Kirrt project: Postcards from the Pasthttps://indianexpress.com/article/lifestyle/art-and-culture/postcards-from-the-past-punjab-art-craft-kirrt-project-5399970/

Kirrt project: Postcards from the Past

Kirrt is a project that documents craftspeople, artisans and artists of Punjab in an effort to showcase and promote their work

Artisans participating in Kirrt

IT’S a labour of love, beyond boundaries, but connected by the love for creativity. It’s a collective that is driven by a passion for the past, with an eye on the future. Kirrt is a unique project that has its roots in Punjab, with a vision and hope to reach out to people across the country — collecting stories and documenting the creations of people who work with their hands, and also contemporary artists. The heart and soul of the project are Gurdeep Dhaliwal, artist, photographer and writer, and Navjeet Kaur, painter and costume designer — who are supported by like-minded people. Kirrt is a Punjabi word with its roots in the Sanskrit word Krit, or Kriti, which means manufacturing, making and creation.

In Punjabi, kirrt has the same meaning, but with an additional connotation of kirrt as labour, explains Dhaliwal. In Gurbani, hathin kirrt karna, to work with your own hands is considered honourable and essential for spiritual well-being. Further, kirrt karna and wandd shakna, to work and share the produce/yield with others, is one of the core principles of not only the Sikh faith, but the multi-religious Punjabi community.

Artistans participating in Kirrt

The core of the project is human and not related to any religion or community, with an open and democratic space, as the project strives to tell and document stories of the kirrtas and their crafts and art forms, many of which are getting lost with time and dying. The larger idea of the documentation is to help these people evolve with the changing times, adapt to new demands and create platforms for their growth and financial stability. The stories of their work and lives are documented in text, videos, photographs to reach out to wider audiences. From market places in small towns and cities, villages, rural areas, Dhaliwal, Navjeet, and others, involved travel to document the work of palki makers, people who make fishing nets in Tarn Taran Sahib, makers of musical instruments in Amritsar, quilt-makers, people repairing rababs, potters, an artisan who makes knives in Qila Mubarak in Patiala, a shoemaker in Anandpur Sahib, a person who makes ropes with old clothes, brass utensil makers, a woman in a village who makes soft toys and horses using discarded clothes, mehndi designers, an artist who has created calligraphy books for children, and even the Punjabis living in South Africa who create works from shells and wood.

Satdeep Gill from Patiala participates in covering stories, while Jasdeep Singh, who is part of the project, says that in the modern era of mechanised manufacturing, the project is a way to honour the craftsmen, crafts, artists and artworks. Dhaliwal, who works in Chandigarh, asks that while everyone protests about the degrading art, music and films being produced, who is ready to invest in something valuable? “How can the art, we wish to see, come to life when there’s no money to make it. The simple reason being, producers see no point in investing in such a product which won’t fetch any profits. So, this effort here is a practical one, to create a platform where we can raise money to invest in the arts. During my years in the UK and travels in Europe, I visited numerous galleries and museums, and felt how important they were to sustain art in the region and to inspire art, something we lack here. Apart from a website and virtual gallery, we have started creating products about the project, starting with postcards on artisans and craftspeople working in different areas and now strive to create real galleries,” explains Dhaliwal.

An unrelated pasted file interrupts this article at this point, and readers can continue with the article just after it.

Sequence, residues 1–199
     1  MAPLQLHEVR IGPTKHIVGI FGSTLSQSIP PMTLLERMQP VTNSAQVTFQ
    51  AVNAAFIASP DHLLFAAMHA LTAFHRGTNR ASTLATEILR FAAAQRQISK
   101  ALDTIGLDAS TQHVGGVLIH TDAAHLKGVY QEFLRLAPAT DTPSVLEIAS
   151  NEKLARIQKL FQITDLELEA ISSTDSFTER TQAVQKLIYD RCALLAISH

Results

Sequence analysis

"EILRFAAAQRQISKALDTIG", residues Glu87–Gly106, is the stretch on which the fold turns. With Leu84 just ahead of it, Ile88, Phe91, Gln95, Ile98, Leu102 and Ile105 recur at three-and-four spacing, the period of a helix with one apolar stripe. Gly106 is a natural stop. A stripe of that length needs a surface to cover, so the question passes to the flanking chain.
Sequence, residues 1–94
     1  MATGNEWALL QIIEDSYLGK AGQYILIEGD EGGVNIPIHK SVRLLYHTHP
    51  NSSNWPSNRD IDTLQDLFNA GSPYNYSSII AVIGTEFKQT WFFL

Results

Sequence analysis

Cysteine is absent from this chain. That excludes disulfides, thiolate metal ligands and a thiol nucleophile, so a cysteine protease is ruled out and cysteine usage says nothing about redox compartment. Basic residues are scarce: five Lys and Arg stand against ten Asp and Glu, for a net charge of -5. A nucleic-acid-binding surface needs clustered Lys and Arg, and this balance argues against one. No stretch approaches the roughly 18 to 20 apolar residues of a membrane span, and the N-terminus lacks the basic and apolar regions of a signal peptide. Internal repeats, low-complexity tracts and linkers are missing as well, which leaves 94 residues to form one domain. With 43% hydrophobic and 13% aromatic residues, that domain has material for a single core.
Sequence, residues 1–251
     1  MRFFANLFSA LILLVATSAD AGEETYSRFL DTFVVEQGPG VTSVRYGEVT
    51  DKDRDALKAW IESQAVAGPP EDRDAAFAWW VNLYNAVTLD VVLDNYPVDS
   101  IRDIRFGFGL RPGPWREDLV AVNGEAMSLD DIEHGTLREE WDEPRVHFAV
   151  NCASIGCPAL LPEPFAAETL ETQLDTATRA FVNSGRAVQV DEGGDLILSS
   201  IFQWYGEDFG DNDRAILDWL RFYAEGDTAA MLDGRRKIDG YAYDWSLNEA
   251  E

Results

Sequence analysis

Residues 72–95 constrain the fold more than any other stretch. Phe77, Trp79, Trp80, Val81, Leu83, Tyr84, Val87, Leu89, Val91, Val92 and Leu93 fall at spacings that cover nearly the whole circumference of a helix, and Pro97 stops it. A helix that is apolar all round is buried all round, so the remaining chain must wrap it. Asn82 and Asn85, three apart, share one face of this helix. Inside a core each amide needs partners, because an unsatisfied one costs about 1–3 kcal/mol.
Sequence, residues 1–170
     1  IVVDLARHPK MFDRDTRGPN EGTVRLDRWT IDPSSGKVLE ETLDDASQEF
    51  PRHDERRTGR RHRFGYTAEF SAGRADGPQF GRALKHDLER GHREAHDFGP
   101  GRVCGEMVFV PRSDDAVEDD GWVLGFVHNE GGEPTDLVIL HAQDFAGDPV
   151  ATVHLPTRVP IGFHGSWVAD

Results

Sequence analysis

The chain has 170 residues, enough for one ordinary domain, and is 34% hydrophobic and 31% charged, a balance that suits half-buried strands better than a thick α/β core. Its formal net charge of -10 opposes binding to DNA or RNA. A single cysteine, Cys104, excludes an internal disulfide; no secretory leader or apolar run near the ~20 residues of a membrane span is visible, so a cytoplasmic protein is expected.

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Gurdeep Dhaliwal and Navjeet Kaur

Navjeet, who has done costumes for films like Chauthi Koot, Qissa Punjab and Soni, says she gained her artistic sensibility from people around her, those who practiced multiple skills, art forms and crafts.

“It’s so fascinating for me to see artists and artisans accept, adapt and bring change in their crafts with new technology. I want all types of arts and crafts to flourish in this changing time by bringing the creators in focus. We want the project to travel places, and so hope to create books on it. Apart from postcards, we have created utility items like T-Shirts, maps of undivided Punjab, and are reaching out to people to be involved in the project, with a Japanese teacher in Pakistan also keen to pitch in with stories of people who create magic with their hands,” says Navjeet, who hopes that more people will be members of Kirrt’s future plans.

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